Peter Laufer (author); CALEXICO; University of Arizona Press (Nonfiction: Social Sciences) $19.95 ISBN: 9780816529513
Byline: Kai White
Life in Calexico, California, population just under 50,000, is circumscribed by border town issues, like the severely restricted access to its sister-city Mexicali, Mexico, population 700,000. Waits of up to ninety minutes at the border fence are common. Calexico also faces severe air and water pollution. Lax regulations in Mexico allow raw sewage to pollute the New River and make the air quality one of the worst in California. Illegal immigrant raids, vehicular pursuits, and a rapidly changing ethnic demographic also characterize life in Calexico. This complex mix of border town issues makes Calexico the perfect subject for University of Oregon journalism professor Peter Laufer's follow up to his Mexican-American borderlands study, Wetback Nation, which won honorable mention for the 2005 Gustavas Myers Book Awards.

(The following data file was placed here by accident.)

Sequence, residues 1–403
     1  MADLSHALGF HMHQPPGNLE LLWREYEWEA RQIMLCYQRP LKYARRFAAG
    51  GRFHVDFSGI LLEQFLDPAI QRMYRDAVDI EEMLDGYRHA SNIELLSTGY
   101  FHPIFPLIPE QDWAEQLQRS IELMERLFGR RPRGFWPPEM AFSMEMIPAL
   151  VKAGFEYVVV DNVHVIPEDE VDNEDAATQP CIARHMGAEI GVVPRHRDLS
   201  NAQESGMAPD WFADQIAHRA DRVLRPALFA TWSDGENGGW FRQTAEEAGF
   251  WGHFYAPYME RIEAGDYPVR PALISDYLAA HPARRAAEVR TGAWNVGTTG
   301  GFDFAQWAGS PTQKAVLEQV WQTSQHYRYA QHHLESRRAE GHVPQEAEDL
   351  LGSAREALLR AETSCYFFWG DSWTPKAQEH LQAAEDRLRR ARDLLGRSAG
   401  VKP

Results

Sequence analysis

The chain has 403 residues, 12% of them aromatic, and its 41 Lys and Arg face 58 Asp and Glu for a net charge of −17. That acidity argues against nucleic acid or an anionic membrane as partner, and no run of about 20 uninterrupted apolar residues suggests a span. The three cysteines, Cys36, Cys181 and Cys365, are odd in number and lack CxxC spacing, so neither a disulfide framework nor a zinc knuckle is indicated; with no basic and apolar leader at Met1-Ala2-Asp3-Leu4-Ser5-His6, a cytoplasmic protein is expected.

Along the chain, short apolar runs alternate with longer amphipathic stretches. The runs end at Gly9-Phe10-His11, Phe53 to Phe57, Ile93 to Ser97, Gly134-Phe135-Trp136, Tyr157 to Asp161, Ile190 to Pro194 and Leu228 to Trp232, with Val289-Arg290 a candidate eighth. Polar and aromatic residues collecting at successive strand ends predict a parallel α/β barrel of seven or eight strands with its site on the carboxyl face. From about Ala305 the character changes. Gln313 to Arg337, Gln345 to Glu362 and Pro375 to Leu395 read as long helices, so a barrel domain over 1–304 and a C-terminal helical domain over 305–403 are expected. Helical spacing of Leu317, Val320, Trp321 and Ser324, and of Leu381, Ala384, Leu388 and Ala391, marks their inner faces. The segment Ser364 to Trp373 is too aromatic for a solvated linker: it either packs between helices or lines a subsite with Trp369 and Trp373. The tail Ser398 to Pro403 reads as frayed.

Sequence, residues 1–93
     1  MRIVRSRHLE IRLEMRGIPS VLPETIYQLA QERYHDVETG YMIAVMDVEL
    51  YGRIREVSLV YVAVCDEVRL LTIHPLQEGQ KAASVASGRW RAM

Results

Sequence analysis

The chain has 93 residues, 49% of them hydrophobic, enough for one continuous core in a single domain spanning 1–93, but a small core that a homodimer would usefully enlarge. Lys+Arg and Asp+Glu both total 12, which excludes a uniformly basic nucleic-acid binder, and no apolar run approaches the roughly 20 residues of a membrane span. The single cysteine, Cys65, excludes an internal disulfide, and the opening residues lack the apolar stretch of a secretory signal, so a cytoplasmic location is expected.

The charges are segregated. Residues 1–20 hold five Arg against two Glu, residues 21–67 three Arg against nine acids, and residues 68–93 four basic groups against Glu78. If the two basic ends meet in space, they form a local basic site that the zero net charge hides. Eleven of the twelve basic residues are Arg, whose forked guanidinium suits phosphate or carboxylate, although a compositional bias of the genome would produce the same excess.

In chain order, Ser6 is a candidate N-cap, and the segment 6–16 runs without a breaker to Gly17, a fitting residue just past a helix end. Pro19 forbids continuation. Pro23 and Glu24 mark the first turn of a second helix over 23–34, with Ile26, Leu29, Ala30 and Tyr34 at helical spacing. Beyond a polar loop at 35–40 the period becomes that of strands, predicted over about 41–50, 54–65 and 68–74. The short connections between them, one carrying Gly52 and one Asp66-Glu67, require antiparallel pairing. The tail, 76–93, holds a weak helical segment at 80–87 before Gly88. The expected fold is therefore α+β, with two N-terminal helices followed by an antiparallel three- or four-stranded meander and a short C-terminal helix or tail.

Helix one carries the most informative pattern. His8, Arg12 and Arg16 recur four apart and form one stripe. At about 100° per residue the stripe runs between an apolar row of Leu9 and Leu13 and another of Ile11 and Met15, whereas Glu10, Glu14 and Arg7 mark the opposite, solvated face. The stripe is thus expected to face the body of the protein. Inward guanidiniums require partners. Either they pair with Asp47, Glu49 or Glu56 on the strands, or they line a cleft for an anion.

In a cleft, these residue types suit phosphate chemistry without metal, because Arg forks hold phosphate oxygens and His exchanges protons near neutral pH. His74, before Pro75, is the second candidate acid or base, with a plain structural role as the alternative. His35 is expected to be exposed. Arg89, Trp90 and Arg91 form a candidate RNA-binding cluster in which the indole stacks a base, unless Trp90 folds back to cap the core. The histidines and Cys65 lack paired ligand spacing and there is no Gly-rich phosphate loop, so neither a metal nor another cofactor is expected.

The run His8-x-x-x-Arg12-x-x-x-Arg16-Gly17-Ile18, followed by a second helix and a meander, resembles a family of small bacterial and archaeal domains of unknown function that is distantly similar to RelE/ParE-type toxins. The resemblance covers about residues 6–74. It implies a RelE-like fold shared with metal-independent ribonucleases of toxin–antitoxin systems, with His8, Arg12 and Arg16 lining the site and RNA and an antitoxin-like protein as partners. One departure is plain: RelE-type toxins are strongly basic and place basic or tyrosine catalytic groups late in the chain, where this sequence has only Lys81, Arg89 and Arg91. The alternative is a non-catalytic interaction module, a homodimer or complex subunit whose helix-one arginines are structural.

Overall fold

In this interview-driven study of Calexico's residents, Laufer succeeds in transcending the faceless media rhetoric of America's national immigration debate. Through the personal stories of people who "live, work, and transit the California-Mexico border," Laufer offers snippets of support for his claim that "the border has become a new type of geopolitical fraud." According to Laufer, this malady/circumstance manifests in the "criminalization of Mexican and other migrants, the bloating of the mismanaged Immigration and Customs Enforcement sector of the Homeland Security Department, the deterioration of living standards along the frontier, and the enrichment of American employers."